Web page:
I've also spoken to several investors who've put a huge sum,virtually everything they have, into a single IT, usually one of the large, popular globals, which I'd suggest has a higher risk of being problematic. There's also the opposite where investors have so many holdings that they can't keep track but that's a different problem from the idea of diworsification.




But I would make a distinction between a multi-manager approach, where managers tend to pick stocks based on a 'bigger picture' and likely within their own specialisations so that they don't tread on each others toes much, and the investor approach of having multiple investments in the same sector.


As mentioned before, five of the ten fund management companies contracted to Witan have a global mandate plus another for global emerging markets, three a UK mandate and one for Asia. They'll all have been selected for different styles but they won't act in co-ordination or as a commitee and over-laps are inevitable. Nonetheless, seems to have worked for Witan to the extent that Alliance is now to copy the approach.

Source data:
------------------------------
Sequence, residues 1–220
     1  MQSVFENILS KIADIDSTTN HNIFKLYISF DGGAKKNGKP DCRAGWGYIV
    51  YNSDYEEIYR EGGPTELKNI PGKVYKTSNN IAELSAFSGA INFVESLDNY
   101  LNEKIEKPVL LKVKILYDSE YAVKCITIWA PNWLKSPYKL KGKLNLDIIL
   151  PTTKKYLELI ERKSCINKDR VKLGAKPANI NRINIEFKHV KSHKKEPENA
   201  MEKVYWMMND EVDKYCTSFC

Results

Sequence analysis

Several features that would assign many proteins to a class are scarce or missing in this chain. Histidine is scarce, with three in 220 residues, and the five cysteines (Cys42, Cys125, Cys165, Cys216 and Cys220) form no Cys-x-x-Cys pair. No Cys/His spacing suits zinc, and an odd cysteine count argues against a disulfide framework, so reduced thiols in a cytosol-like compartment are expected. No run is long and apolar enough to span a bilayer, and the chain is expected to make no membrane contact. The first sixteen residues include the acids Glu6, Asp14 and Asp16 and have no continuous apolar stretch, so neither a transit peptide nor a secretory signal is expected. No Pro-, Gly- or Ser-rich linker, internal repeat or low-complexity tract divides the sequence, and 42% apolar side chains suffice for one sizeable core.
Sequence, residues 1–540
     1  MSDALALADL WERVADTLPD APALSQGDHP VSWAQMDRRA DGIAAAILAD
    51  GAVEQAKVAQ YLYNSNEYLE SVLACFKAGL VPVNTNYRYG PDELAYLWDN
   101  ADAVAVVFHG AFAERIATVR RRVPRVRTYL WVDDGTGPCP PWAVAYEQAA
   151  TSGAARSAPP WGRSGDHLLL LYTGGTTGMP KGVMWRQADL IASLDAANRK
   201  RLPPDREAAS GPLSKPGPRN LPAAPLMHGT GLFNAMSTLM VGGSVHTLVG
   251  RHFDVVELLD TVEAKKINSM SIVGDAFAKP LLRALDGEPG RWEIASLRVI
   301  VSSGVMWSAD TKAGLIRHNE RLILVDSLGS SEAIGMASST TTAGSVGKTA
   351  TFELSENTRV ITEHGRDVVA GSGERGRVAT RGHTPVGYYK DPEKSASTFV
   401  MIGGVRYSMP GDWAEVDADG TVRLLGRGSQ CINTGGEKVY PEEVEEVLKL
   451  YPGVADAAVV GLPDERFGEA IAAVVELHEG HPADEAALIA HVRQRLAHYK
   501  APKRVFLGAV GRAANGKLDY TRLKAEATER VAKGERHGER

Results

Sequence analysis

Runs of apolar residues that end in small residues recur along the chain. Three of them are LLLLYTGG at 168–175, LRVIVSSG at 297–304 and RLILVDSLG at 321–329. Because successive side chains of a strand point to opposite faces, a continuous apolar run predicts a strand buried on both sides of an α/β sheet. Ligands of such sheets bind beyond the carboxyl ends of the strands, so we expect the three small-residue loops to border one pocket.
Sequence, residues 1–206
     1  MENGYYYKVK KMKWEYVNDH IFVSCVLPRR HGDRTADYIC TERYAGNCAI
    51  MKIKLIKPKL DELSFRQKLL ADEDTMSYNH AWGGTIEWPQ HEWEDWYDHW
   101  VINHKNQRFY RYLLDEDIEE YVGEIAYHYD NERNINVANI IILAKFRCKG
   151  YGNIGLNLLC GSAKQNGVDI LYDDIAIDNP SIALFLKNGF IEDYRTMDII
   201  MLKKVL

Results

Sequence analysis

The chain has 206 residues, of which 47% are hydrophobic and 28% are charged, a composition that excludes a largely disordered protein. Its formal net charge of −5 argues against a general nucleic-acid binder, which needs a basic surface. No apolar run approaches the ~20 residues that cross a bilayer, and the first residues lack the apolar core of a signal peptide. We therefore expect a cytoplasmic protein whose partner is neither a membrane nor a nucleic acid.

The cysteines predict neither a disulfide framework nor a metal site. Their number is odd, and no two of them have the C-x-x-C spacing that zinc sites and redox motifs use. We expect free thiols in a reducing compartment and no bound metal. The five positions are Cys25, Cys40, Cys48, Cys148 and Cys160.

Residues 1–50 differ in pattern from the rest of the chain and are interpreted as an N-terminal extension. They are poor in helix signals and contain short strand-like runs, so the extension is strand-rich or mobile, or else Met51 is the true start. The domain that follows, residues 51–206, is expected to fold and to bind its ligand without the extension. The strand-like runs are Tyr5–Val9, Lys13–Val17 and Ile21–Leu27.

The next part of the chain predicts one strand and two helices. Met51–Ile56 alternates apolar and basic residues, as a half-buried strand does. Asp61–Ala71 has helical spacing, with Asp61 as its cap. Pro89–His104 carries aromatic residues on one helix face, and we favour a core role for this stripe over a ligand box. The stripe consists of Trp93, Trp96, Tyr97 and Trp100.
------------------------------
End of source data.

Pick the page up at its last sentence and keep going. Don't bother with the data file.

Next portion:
#48
I've chosen to take a 'three of each' approach in my global income IT with the view that it mitigates any potential disasters at any one of the three.



It also generates some category asymmetry for rebalancing and that may in turn help to capture some value longer term. I don't worry about overlap because I honestly don't think it matters much, if at all.

#49



I've chosen to take a 'three of each' approach in my global income IT with the view that it mitigates any potential disasters at any one of the three.



It also generates some category asymmetry for rebalancing and that may in turn help to capture some value longer term. I don't worry about overlap because I honestly don't think it matters much, if at all.
Originally posted by JohnRo


Thanks for that JohnRo, it makes me feel a little better than somebody else has invested in more than one global fund although I think I will now look into this sector in more detail to see if I can clean it up a little! This forum is so good to get other people's views!